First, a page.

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Long-Term Outcomes Following Hepatic Resection and Radiofrequency Ablation of Colorectal Liver Metastases
Recently some have called for randomized controlled trials comparing RFA to hepatic resection, particularly for patients with only a few small metastases. The objectives were to compare local recurrence and survival following RFA and hepatic resection for colorectal liver metastases. This was a retrospective review of open RFA and hepatic resection for colorectal liver metastases between January 1998 and May 2007. All patients who had RFA were considered to have unresectable disease. 58 patients had hepatic resection and 43 had RFA. A 5-year survival after resection was 43% compared to 23% after RFA. For patients with solitary lesions, a 5-year survival was 48% after resection and 15% after RFA. Sixty percent of patients suffered local recurrences after RFA compared to 7% after hepatic resection. RFA is inferior to resection. The results observed in this study support the consensus that RFA cannot be considered an equivalent procedure to hepatic resection.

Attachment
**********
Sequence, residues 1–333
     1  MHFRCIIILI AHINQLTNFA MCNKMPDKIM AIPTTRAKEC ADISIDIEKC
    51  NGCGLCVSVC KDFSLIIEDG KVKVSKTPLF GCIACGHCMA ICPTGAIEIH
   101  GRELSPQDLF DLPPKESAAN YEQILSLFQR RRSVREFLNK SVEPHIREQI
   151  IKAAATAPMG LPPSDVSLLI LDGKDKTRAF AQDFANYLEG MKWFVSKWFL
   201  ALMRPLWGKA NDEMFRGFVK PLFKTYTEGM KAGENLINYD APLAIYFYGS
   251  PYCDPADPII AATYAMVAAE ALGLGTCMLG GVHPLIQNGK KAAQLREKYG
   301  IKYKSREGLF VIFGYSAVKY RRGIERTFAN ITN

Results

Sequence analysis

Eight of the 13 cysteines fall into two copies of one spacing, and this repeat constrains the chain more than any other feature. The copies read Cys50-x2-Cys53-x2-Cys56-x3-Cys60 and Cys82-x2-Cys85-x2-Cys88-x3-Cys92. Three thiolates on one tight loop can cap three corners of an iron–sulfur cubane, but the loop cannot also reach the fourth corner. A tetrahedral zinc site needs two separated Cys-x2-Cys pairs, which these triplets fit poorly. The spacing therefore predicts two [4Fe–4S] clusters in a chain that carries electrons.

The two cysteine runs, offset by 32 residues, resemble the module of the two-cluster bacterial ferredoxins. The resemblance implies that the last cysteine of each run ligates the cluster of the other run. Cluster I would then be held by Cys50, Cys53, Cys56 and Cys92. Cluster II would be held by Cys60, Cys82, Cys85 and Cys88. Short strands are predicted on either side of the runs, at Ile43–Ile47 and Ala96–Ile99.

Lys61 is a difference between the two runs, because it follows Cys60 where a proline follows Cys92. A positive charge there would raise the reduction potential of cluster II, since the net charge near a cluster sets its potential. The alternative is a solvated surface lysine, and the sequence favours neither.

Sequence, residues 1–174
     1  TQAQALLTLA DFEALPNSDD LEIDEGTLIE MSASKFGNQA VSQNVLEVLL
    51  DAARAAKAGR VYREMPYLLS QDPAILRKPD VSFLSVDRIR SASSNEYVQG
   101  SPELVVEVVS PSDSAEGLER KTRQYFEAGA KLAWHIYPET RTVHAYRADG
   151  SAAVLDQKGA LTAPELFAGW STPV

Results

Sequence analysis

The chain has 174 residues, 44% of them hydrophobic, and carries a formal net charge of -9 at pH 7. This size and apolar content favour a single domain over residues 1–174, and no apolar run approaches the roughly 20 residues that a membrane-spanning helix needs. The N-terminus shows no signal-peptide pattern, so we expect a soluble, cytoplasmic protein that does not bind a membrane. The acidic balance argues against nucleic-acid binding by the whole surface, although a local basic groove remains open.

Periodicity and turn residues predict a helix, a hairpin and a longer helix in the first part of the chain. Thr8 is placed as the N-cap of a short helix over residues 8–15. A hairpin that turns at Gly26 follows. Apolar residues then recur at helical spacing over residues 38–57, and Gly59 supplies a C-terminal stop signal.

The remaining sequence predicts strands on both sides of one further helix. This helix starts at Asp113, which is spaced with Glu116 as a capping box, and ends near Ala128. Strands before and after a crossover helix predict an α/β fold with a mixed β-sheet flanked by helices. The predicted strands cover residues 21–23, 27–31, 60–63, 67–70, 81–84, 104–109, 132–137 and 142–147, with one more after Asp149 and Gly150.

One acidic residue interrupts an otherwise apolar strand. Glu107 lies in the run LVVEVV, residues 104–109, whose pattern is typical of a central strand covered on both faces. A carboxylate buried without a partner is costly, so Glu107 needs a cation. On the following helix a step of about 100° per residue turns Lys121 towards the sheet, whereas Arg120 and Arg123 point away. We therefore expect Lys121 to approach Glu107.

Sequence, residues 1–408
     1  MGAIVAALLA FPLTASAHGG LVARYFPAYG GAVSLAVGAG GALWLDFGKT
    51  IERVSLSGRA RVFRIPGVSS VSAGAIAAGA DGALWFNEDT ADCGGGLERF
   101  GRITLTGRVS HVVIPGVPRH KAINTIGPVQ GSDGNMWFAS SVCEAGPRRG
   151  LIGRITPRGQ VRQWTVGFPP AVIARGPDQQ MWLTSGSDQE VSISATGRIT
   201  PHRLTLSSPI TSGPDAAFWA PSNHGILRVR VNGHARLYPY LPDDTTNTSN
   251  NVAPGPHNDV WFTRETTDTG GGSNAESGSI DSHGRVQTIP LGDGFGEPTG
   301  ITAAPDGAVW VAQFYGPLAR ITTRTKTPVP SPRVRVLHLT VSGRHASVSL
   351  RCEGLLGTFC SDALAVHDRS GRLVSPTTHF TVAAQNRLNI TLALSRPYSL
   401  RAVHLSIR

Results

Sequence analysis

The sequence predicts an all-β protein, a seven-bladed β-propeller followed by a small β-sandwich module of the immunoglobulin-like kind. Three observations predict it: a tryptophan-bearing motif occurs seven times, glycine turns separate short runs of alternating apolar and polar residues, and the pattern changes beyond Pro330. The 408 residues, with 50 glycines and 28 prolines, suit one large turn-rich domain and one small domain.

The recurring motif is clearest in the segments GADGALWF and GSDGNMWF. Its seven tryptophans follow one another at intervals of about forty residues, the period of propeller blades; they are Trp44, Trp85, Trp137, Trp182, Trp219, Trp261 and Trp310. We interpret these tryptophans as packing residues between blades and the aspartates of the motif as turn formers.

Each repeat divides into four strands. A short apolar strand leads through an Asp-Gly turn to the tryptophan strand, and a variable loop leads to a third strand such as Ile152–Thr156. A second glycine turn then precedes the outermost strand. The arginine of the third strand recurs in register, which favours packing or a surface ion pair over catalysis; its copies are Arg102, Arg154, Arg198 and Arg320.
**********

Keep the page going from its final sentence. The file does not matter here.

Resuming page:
Andrew McKay, Katherine Fradette, and Jeremy Lipschitz, “Long-Term Outcomes Following Hepatic Resection and Radiofrequency Ablation of Colorectal Liver Metastases,” HPB Surgery, vol. 2009, Article ID 346863, 8 pages, 2009. doi:10.1155/2009/346863